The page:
Beijing has taken several countermea­sures against Yellen’s “targeted national security actions,” most recently impos­ing controls on its exports of gallium and germanium. As China’s former top eco­nomic diplomat in London has noted, despite their pervasive export control re­gimes and sweeping restrictions on China, Washington and some of its allies were an­gry at this move: “The Biden administra­tion went as far as saying it ‘firmly opposes’ Beijing’s decision,” thus displaying charac­teristic double standards.

John Kerry’s visit, the least important of the three, did not go well either. Last week, during two days of talks that partly coin­cided with Dr. Kissinger’s visit, Chinese leaders rebuffed a bid by Kerry, Biden’s cli­mate envoy, to persuade them to commit to tougher climate action. His official pro­gram ended on July 19 with no new agree­ments. Xi Jinping pointedly insisted in a nationally televised speech just two days earlier that China would pursue its goals to phase out carbon dioxide pollution at its own pace and in its own way.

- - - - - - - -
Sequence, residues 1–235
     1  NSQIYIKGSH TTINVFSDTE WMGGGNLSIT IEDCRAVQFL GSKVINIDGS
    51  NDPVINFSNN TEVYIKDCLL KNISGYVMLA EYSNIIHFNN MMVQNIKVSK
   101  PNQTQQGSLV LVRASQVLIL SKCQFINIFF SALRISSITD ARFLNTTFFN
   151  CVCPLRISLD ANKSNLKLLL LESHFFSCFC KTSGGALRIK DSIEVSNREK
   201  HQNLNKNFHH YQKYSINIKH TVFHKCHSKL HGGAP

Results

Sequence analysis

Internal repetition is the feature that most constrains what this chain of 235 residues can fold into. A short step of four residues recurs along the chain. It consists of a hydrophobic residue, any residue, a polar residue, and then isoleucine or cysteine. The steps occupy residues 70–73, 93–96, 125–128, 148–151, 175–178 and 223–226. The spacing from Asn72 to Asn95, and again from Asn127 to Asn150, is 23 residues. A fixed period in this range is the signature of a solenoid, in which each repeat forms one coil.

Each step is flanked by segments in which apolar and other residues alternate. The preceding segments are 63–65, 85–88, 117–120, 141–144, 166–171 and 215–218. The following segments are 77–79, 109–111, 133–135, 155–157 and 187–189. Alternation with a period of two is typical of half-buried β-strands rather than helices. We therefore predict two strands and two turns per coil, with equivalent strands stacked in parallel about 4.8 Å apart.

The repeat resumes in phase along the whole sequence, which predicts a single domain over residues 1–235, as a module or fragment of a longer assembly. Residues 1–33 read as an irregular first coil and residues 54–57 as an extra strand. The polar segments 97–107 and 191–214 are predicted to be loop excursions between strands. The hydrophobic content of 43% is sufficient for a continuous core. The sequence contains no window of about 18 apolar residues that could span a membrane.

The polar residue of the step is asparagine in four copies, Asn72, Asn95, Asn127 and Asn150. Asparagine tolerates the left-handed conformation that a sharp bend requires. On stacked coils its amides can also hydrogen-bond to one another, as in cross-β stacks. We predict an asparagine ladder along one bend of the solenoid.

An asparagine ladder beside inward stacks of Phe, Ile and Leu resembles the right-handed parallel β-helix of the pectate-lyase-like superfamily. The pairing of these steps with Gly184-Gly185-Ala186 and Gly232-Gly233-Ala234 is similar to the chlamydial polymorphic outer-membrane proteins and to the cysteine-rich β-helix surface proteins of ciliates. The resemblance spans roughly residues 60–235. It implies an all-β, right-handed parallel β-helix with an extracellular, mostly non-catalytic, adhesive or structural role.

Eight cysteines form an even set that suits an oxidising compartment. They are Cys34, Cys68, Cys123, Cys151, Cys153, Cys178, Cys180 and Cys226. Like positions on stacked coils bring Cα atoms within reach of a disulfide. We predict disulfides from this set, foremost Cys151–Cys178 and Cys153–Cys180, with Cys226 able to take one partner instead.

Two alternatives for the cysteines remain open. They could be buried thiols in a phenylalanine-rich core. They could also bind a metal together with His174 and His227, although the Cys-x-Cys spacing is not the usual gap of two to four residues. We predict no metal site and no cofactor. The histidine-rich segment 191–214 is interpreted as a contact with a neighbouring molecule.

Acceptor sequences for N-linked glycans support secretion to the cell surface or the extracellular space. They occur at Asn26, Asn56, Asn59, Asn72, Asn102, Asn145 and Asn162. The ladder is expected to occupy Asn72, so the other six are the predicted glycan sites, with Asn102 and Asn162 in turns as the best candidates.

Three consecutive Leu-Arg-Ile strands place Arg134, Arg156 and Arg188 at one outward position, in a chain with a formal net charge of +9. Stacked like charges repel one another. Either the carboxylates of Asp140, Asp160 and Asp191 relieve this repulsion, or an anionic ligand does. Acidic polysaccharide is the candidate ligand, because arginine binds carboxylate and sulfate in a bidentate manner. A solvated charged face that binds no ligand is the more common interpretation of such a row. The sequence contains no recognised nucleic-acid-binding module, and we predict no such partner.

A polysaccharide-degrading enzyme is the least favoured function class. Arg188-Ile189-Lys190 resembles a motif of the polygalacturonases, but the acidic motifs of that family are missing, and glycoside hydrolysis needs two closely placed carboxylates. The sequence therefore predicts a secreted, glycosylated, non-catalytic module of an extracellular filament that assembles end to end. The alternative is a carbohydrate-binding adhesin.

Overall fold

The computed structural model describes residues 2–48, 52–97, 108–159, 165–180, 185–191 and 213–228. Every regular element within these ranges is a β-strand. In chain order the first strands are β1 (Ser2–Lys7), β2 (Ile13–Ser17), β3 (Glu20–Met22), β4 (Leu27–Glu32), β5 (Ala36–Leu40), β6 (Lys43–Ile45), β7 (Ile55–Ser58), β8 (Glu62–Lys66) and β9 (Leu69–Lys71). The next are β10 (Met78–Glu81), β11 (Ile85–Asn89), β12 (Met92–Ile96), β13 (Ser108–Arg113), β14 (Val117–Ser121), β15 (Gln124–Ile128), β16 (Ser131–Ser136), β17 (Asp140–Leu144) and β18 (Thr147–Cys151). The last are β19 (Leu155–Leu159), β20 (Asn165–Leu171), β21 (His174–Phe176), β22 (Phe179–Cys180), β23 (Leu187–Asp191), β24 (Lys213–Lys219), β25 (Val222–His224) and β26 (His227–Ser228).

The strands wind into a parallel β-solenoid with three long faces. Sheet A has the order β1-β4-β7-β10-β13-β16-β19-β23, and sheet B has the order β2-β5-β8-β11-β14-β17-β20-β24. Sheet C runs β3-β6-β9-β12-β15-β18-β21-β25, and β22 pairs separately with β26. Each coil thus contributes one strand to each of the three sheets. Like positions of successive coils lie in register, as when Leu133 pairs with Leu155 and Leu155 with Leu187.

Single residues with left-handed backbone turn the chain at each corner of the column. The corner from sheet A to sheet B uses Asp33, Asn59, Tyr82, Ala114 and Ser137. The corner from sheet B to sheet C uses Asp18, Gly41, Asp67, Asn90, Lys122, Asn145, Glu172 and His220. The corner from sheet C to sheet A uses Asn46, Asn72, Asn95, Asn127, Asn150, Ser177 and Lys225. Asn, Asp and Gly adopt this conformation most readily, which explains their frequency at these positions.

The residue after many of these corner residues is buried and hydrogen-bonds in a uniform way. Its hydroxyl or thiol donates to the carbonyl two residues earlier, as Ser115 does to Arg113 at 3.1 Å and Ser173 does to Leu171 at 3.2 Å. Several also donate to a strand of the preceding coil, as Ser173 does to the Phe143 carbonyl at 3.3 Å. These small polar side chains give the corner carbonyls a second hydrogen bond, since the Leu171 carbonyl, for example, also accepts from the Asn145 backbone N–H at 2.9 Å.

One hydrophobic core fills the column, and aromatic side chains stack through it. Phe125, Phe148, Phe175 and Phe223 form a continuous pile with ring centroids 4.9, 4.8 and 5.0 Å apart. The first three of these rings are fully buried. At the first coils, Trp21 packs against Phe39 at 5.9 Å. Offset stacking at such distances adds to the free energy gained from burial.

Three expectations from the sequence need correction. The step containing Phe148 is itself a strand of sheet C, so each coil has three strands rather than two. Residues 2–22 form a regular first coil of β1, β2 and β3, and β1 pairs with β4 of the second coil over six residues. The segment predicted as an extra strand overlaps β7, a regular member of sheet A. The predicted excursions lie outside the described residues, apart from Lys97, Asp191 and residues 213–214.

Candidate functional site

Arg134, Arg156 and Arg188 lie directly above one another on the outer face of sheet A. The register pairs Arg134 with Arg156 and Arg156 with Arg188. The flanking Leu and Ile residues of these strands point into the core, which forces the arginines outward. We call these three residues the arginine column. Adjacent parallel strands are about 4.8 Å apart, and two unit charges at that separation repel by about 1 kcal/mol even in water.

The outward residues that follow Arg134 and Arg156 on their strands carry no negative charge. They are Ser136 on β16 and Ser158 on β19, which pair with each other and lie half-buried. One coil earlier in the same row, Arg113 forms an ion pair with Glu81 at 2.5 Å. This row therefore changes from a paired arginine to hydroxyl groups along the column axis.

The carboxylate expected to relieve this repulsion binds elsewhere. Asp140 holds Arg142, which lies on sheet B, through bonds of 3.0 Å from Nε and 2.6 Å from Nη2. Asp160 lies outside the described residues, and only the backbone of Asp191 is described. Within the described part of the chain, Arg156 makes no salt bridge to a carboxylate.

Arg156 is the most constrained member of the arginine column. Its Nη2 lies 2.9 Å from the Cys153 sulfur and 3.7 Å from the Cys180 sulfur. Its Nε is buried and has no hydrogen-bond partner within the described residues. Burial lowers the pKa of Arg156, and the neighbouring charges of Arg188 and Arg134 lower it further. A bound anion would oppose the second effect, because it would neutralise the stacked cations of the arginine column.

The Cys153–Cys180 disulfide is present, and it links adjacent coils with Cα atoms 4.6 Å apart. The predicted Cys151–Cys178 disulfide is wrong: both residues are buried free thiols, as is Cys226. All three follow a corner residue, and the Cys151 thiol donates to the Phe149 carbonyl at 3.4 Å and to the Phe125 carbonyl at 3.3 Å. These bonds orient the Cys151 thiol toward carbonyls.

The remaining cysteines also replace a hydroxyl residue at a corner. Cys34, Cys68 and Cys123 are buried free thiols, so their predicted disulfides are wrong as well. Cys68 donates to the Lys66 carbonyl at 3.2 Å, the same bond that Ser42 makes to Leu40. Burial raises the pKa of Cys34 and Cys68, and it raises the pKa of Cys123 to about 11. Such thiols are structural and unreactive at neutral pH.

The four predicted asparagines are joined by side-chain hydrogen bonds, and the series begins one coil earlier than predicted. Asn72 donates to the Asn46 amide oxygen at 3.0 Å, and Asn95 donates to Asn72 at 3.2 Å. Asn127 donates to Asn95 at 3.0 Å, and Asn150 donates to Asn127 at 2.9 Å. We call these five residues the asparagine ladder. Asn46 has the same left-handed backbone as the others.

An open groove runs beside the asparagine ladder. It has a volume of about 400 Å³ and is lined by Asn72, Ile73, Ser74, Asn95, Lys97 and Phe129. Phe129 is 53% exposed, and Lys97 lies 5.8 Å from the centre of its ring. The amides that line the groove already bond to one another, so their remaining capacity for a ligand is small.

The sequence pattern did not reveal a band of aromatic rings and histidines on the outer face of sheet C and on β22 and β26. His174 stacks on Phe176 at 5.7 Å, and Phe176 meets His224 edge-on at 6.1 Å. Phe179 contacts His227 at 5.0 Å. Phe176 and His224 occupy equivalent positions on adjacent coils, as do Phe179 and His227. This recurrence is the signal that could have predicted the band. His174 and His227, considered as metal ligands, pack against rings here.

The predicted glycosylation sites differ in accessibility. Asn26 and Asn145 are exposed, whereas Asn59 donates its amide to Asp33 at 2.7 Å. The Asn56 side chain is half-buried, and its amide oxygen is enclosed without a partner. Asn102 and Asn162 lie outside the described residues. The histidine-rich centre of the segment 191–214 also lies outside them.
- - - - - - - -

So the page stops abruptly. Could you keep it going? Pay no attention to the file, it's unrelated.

For now, there will be no improved re­lations between the U.S. and China, pri­marily because the Biden administration adheres to its myth of a “rules-based in­ternational order.” Outside the “collective West,” that phrase denotes unrestrained U.S. global hegemony. It is an “order” in which the U.S. government imposes the “rules”—such as unilateral sanctions—as its leaders deem fit. The targets must grin and bear it and accept at face value the rule-maker’s assurances that the world is big enough for all of us to thrive.

Dr. Henry Kissinger’s fears and misgiv­ings about the future of U.S.-Chinese rela­tions are justified. They may prove as pro­phetic, 10 or 20 years from now, as George Kennan’s warnings against NATO’s enlarge­ment were a generation ago.

(This article is from the September 2023 print edition of Chronicles Magazine.)